Lights to be seen with are lower powered lights and are designed to make you visible to others, rather than allow you to see with in the dark. You see these types of bike lights in supermarkets and department stores. They comply with the law, but not with reality. They do make excellent secondary lights and you should have one or two as back up. You shouldn’t rely solely on these to make your riding safe at night.
Rear lights are obviously only “be seen” lights. Some rear lights can be seen from the legally prescribed distance, but better rear lights can be SEEN from further away and from lots of different angles. Some rear lights can do even more.
Fixed or Flashing?
Both. Most lights have both modes and if you’re riding with your lights on during the day, flashing is a great mode to use. Flashing mode not only gives you longer battery life (since you’re not constantly draining the battery), it also makes your light more visible; flashing lights appear brighter. (It’s an effect of Bloch’s Law if you’re interested in Googling it). Flashing lights are not good to see by, however. Using a flashing light for navigation purposes is dangerous. For night time riding, your front light(s) should be fixed beam.
Rear lights are often used in flash mode regardless of the light conditions. I’ve read that having a fixed and a flashing light on the rear helps with (a) being noticed, and (b) helping depth perception of other road/trail users who are looking at your lights. The excellent thing about rear lights is that they can use very noticable flashing patterns and/or multiple synchronised lights, since you’re not using them to see with. They are the ultimate be seen lights.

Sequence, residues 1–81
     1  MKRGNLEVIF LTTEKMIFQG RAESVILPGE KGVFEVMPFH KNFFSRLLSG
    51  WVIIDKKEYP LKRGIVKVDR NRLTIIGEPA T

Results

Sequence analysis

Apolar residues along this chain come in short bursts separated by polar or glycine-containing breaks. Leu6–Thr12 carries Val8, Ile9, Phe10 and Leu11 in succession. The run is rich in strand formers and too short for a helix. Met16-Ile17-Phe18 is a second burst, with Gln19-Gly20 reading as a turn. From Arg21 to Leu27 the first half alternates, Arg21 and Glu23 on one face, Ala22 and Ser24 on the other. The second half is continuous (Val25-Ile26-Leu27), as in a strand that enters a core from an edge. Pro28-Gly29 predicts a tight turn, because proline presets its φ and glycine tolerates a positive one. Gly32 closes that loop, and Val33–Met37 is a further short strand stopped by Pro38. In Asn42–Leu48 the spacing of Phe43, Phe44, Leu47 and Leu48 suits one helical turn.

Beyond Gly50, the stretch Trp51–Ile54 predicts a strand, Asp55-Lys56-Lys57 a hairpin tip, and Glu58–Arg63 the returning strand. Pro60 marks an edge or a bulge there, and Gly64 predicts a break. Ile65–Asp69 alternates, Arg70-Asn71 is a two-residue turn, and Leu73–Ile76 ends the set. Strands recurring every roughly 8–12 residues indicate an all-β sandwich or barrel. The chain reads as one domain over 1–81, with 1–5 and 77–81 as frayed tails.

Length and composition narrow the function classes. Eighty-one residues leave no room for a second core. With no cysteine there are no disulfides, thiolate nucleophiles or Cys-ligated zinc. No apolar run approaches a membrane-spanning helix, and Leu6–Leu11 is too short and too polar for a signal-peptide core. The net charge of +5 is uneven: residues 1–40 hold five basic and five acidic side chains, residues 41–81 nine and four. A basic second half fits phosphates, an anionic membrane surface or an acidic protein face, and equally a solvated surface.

It’s all about the lumens. Power is a measure of electrical power used by the light (i.e. voltage x current), while lumens is a measure of how much visible light is emitted. It’s actually an EU requirement that lights are labelled with lumens, though other measures can be used as well.
More lumens doesn’t mean better, since a single number doesn’t tell you important things like light beam profile, spread, spill, or even colour. You can have lights that have very wide and uniform illumination, you can have lights that have a very bright centre spot, and you can have lights that have a yellow or bluish tinge.
So how do you know if a light is fit for the purpose that you want? You really need to read reviews from experienced users, such as the ones featured here on BNA. Reading reviews or receiving recommendations from people who have used a particular light will save you a lot of money and frustration.
Front Light Mount Points
This is the most common location for front lights.